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On Drink

   Where there is drink there is danger.

   Many a child is hungry because the brewer is rich.

   Be not drunk with wine. 

                            Eph. 5:18

   Who hath woe?  Who hath sorrow?  Who hath contentions?  Who 
   hath wounds without a cause?  Who hath redness of the eyes?  
   They that tarry long at the wine;  They that go to seek mixed 
                                                  Prov. 23:29-30

   Wine is a mocker, strong drink is raging;  and whosoever is 
   deceived thereby is not wise. 
                                                    Prov. 20:1

   Look not thou upon the wine when it is red;  when it giveth his 
   color in the cup;  when it moveth itself aright.  At the last 
   it biteth like a serpent and stingeth like an adder. 

                                                  Prov. 23:31-32

   Whisky drinking is risky drinking.

   Whisky is very harmless --- if you don't drink it.

   Drink first dims, then darkens, then deadens, then damns.

   Drink injures a man externally, internally and eternally.

   Don't let the public-house live on your private house.

   Stout makes many lean.

   Satan's palace --- the gin palace.

   Drunkenness turns a man out of himself, and leaves a beast in 
   his room.

   Wine has drowned more men than the sea.

   The drunkard continually assaults his own life.

   Cans of beer cost many a tear.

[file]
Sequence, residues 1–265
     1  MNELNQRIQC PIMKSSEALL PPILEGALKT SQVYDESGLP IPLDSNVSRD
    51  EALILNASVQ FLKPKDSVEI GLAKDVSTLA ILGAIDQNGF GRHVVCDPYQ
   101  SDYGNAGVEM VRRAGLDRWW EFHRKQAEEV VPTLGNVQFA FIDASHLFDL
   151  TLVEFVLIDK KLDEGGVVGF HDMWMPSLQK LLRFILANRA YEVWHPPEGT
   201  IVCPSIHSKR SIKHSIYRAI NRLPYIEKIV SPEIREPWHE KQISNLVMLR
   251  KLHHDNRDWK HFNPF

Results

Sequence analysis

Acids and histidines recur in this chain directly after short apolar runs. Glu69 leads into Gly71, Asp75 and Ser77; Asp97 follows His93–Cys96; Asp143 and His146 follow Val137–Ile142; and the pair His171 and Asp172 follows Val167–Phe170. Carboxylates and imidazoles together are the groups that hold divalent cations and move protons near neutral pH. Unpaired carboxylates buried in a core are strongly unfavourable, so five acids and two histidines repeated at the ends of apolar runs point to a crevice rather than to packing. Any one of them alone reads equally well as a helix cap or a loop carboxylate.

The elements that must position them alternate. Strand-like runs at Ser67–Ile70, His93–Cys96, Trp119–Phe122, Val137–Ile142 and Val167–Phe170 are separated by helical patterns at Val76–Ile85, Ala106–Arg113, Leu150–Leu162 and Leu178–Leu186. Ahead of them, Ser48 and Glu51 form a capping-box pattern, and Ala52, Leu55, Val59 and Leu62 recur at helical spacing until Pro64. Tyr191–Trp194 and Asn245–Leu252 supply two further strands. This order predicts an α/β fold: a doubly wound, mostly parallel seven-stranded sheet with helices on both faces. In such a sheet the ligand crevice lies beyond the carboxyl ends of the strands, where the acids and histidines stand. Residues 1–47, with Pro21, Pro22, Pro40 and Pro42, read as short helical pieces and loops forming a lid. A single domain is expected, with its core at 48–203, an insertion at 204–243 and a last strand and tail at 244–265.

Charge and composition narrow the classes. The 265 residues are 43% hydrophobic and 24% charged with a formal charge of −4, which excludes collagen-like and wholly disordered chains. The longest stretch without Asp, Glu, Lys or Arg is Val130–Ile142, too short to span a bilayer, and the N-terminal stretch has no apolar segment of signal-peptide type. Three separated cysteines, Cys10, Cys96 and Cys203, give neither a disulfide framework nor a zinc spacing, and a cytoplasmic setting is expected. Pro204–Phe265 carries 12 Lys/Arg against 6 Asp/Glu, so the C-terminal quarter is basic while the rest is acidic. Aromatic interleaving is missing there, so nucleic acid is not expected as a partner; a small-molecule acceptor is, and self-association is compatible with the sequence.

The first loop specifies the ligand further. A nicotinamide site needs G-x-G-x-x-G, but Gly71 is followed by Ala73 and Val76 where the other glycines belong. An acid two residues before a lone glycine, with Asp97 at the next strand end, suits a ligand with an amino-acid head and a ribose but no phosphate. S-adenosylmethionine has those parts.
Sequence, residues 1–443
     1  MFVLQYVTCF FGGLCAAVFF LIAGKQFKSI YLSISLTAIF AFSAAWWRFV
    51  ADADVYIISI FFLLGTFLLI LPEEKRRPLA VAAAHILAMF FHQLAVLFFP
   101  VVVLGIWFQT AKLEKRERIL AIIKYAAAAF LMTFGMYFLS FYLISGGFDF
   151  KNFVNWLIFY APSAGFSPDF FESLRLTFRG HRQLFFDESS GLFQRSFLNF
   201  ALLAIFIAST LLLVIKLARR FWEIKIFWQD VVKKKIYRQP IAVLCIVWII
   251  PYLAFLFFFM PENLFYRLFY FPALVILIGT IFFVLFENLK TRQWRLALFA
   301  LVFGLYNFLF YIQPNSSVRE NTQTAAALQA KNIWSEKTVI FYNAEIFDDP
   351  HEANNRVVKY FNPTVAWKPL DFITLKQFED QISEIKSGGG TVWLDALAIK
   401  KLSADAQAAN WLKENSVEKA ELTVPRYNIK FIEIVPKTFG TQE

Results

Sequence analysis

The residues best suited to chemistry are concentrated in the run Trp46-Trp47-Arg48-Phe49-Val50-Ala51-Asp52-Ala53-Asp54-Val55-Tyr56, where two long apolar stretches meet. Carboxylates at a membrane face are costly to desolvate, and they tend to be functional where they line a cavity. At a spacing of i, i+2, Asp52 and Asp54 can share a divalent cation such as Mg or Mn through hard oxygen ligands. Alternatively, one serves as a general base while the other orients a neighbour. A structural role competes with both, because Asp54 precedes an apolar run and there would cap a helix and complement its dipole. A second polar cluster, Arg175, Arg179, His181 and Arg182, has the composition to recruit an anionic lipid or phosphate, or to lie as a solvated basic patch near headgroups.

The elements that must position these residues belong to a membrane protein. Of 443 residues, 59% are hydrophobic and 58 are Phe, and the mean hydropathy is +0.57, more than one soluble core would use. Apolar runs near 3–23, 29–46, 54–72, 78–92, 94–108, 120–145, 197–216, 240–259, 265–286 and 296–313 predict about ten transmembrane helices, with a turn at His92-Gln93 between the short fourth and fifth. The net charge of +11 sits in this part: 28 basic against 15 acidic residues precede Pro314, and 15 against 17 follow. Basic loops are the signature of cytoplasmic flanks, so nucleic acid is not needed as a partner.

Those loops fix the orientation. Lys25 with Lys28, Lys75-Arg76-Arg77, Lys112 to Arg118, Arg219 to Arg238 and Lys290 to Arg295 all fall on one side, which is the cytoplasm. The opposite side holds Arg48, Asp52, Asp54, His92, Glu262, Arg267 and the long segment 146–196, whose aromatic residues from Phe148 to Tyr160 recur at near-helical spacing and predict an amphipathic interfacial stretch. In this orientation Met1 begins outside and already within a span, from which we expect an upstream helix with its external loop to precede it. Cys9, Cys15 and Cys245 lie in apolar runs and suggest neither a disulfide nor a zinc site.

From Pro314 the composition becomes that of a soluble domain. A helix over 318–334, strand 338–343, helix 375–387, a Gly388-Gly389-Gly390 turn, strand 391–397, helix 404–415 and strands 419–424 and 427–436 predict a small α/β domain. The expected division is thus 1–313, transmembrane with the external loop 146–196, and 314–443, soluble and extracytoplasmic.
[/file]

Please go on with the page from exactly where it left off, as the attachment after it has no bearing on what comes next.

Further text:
First the distiller, then the doctor, then the undertaker.

   Grape-juice kills more than grape-shot.

   Strong drink is the devil's way to man, and man's way to the 

   Ardent spirits are evil spirits.

   Liquor talks mighty loud when it gets out of the jug.

   There is a devil in every berry of the grape.

   Keep far from the bar and the barrel.

   A drinking dame --- a sight of shame!

   When women consume gin, gin soon consumes them.

   The tankard is the greatest thief.

   The ale-jug is a great waster.

   The home may soon be full of gear,
   If you learn to save the beer.

   If Jack drinks the wages, Jill cannot save them.

   A drunkard's mouth dries up his pocket.

   Purses shrink while workmen drink.

   The bottle and the glass make many cry "Alas!"

   Bacchus well his sheep he knows!
   For he marks them on the nose.

   He who considers all lets the wine-cup fall.

   Drink no wine and you'll not drink too much.

   If men would think they would give up drink.

   Drink won't hurt you if you don't drink.

   A drop of gin is a drop too much.

   No gifts on earth pure water can excel; Nature's the brewer, 
   and she brews it well.

   Water is a strong drink --- Sampson drank it.

   Men are strong and hale without strong ale.

   Drunkenness takes away the man, and leaves only the brute; it 
   dethrones reason from its seat; stupifies conscience; ruins 
   health; wastes property; covers the wrench with rags; reduces 
   wife and children to want and beggary, and gives such power to 
   appetite that physically as well as morally, it is next to 
   impossible to cure it. 

                                                       W. Jay

   The first draught serveth for health, the second for pleasure, 
   the third for shame, and the fourth for madness. 


   The barroom as a bank: You deposit your money -- and lose it; 
   your time -- and lose it;  your character -- and lose it;  your 
   manly independence -- and lose it;  your home comfort -- and 
   lose it;  your self-control -- and lose it;  your children's 
   happiness -- and lose it; your own soul -- and lose it. 

   Every moderate drinker could abandon the intoxicating cup, if 
   he would; every inebriate would if he could. 
                                                J. B. Gough

   Whisky is a good thing in its place. There is nothing like it 
   for preserving a man when he is dead. If you want to keep a 
   dead man, put him in whisky; if you want to kill a live man put 
   whisky in him.